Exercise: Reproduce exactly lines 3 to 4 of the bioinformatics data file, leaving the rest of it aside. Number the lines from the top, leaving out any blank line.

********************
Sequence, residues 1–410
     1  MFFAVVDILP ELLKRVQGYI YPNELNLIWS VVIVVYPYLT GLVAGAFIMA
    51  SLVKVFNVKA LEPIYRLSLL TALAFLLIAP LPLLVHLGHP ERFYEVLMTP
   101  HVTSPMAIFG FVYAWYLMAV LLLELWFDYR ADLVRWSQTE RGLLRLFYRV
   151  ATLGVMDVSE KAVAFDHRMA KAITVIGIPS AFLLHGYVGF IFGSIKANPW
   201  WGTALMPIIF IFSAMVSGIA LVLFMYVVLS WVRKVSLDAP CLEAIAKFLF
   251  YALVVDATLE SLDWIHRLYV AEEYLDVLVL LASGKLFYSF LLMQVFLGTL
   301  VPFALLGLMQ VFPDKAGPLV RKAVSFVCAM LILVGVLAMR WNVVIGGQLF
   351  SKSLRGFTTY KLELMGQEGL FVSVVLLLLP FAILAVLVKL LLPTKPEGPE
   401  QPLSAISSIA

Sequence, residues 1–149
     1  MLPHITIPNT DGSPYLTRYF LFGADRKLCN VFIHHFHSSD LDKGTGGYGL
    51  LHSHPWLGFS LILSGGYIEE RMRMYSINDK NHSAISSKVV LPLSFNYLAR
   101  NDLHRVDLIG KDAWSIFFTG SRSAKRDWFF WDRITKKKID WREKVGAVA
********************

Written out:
    51  SLVKVFNVKA LEPIYRLSLL TALAFLLIAP LPLLVHLGHP ERFYEVLMTP
   101  HVTSPMAIFG FVYAWYLMAV LLLELWFDYR ADLVRWSQTE RGLLRLFYRV